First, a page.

My father has also experienced his fair share of discrimination, especially in the workplace; from being told to go back to his country, being faulted for the 9/11 attacks, and even being told he is “one of the good ones.” He was also jumped when he was a teen for being Arabian. Even today, he still takes on the burden of being “different.”
I could publish a massive novel of the insults I’ve heard and derogatory words I’ve been called. It’s part of the reason why embracing biculturalism was so difficult. My white peers aren’t the only ones with a fist in this battle. Even when traveling to Jordan to visit my family, I was a disappointment for not speaking the language, not wearing the hijab, and being “too American.” As a teen, I wanted to embrace my culture but also wanted to be accepted by my peers. I also wanted my family to accept me as an American-Arab but was always too Western. I felt like I let down everyone around me.
College brought on the fetishization of my existence. My male peers would tell me how they’ve never been with an Arab girl and always wanted to “experience it.” I didn’t want to be an experience, I just wanted to be accepted.
Now, as a 27-year old woman, I still deal with being fetishized and discriminated against. I’ve accepted this is going to be a constant, lifetime battle. As an adult, it’s easier to manage. Growing up on and getting out of Grand Island somewhat subdued those past battles. As least now, I surround myself with people of color and immigrants, so I have a sense of belonging. Being around those who can relate to being “different,” or to be frank, not being white in America, makes it easier to exist.
- Sara Ali
Every job application tells me I don’t exist.
Check off “white.”
I check my own box and write “Middle Eastern.” This doesn’t count; choose one of the options.
I check off “other.”
“Other” for as long as I can remember. Middle school reminds me every day.
The law says “white”, my peers say “brown”.
A shade too dark, and eyebrows too thick.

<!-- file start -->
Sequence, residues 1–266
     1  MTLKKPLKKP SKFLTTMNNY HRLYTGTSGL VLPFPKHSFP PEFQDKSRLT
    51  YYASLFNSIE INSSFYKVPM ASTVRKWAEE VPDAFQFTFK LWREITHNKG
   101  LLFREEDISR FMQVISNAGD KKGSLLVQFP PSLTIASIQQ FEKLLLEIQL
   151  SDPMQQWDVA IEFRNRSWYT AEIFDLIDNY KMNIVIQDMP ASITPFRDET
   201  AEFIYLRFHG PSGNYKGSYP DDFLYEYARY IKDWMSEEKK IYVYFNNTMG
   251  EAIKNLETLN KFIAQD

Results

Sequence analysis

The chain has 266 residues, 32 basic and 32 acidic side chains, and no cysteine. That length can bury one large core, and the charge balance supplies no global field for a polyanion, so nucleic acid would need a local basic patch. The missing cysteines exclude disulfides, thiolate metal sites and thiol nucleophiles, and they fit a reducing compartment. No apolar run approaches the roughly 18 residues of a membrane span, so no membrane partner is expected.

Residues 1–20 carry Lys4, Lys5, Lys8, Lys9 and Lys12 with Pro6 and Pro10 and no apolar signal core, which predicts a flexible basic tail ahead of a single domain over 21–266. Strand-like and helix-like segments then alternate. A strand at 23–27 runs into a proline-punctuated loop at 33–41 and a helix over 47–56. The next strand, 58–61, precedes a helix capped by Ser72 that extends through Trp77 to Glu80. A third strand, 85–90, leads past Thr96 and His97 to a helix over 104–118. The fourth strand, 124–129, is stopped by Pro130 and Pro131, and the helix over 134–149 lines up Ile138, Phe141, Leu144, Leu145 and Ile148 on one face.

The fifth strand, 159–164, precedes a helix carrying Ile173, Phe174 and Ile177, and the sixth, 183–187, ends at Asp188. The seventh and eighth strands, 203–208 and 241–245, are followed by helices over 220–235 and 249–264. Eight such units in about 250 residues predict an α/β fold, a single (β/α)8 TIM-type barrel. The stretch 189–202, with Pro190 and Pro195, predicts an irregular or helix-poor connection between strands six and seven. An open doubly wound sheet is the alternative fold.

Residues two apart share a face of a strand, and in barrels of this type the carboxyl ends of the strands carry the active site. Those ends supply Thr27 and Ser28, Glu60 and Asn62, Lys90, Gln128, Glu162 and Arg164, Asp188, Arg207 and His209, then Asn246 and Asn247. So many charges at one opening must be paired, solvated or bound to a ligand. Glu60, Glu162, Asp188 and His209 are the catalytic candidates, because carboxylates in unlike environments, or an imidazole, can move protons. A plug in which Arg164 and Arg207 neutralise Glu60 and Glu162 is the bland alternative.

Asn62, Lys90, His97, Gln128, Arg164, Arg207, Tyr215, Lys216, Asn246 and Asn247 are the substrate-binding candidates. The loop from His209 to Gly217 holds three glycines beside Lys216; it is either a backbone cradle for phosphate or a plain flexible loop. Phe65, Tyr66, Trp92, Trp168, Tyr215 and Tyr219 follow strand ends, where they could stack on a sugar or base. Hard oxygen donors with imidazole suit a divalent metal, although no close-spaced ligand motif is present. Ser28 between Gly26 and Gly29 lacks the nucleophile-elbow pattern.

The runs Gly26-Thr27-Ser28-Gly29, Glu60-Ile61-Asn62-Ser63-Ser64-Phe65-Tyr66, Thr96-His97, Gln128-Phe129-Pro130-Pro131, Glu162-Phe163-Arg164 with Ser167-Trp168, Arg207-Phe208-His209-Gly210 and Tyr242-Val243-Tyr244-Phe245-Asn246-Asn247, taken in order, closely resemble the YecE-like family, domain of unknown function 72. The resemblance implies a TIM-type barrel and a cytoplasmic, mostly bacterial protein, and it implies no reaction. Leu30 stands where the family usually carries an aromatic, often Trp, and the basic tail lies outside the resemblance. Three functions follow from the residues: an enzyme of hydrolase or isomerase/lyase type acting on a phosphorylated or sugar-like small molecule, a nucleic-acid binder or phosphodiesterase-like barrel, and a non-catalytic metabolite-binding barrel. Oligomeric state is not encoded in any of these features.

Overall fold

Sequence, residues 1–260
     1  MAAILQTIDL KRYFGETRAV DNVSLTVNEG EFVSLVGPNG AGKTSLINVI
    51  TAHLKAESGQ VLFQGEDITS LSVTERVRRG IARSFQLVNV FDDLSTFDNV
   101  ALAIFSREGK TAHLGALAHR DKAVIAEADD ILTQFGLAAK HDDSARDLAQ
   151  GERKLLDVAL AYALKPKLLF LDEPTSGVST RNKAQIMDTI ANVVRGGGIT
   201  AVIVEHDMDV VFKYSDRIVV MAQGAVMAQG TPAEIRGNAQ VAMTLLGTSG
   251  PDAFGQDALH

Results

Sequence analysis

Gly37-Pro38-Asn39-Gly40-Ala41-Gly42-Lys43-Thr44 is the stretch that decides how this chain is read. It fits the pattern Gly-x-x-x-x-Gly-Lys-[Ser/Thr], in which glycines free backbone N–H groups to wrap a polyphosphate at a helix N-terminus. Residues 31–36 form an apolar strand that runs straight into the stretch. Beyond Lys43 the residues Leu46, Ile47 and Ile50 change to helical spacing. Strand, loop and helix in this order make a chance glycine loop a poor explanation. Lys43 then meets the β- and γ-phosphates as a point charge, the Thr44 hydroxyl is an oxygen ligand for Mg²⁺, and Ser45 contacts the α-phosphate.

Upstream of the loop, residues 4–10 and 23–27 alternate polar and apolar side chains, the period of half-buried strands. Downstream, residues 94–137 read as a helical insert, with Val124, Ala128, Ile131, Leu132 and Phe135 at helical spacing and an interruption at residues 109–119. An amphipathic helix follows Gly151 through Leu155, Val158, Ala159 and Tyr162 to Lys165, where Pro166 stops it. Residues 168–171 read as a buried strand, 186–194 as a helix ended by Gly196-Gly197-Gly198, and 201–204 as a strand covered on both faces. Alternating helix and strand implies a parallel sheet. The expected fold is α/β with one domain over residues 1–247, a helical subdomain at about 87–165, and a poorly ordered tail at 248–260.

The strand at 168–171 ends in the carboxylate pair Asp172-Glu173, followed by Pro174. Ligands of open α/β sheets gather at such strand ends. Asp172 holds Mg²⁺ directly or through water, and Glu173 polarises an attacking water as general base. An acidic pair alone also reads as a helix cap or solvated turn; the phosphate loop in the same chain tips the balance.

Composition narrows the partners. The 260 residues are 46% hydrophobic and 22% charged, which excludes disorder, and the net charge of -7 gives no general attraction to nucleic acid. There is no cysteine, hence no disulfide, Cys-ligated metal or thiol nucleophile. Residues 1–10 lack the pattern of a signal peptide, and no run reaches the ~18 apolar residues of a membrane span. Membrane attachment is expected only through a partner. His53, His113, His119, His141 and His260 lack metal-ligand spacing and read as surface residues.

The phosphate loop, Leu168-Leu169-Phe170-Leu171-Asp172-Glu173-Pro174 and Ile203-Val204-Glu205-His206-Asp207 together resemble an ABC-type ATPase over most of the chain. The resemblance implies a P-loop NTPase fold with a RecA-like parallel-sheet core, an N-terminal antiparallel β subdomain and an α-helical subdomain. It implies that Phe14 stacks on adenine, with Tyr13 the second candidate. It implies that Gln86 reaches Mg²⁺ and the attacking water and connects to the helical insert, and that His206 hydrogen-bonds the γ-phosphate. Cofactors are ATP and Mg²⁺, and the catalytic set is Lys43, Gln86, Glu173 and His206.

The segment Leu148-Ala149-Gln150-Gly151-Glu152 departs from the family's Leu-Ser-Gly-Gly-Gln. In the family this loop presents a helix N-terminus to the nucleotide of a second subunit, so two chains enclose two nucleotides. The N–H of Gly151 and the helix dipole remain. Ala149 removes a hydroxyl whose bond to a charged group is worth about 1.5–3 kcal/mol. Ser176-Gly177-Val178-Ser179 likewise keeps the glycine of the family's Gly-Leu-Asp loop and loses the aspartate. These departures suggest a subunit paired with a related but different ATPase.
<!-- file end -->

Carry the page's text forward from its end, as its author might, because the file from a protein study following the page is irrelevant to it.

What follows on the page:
Nose too pronounced and arms too hairy.
Too dark for the white kids, too light for the black kids.
The other Arabs weren’t my friends--they were too “other.”
Confusion ensued; I contemplated slicing my skin off.
Red felt more fashionable than brown-but-not brown. Maybe caramel or coffee with a splash of milk.
Trails of blood formed into footsteps.
Maybe my peers would prefer to see my insides.
I remember the first time I got called a terrorist.
Brandon shouted from the back of the bus “terrorist! It was your family! You did it!”
Choking on silence, I didn’t know what to say. 11 years old and I already didn’t fit it in for my physical features.
“Don’t defend yourself,” I thought. Islam just wasn’t in style.
I didn’t allow myself to shed a tear, not until I got home that day.
He was suspended from school and forced to apologize.
Anger in his eyes as he begrudgingly said, “I’m sorry.”
I’m 27 years old.
They tell me I shouldn’t be ashamed of my skin color,
I have light skin privilege.
You don’t look Arab anyways. You look Italian. You’re kind of brown.
You can pass for white… Maybe Italian?
You’re privileged. Be thankful you look white.
Wait, legally, you are white.
Why are you complaining?
Making Buffalo Home
Community Filmmaker | Lisa Khoury
Community filmmaker, Lisa Khoury, shares her family’s love of their Lebanese culture.
Keeping our culture alive in Buffalo
I had never been more mortified.
I was in fourth grade, sitting at the lunch table at Eggert Road Elementary in Orchard Park when I pulled out what my mother had packed: a pita bread roll-up.
My friend, who was eating a Lunchable, looked over and grimaced.
It was 2001, just after 9/11, and I wasn’t just embarrassed by my lunch. I was embarrassed to be Middle Eastern.
My father and mother are Lebanese immigrants. In the 1970s, my dad’s parents, Michel and Loulou, fled the Lebanese civil war. They emigrated to Buffalo with their 11 kids so I wound up with 48 first cousins.
Our parents raised us all in a bubble -- speaking to us in Arabic; feeding us Lebanese food, and taking us to the local Lebanese church.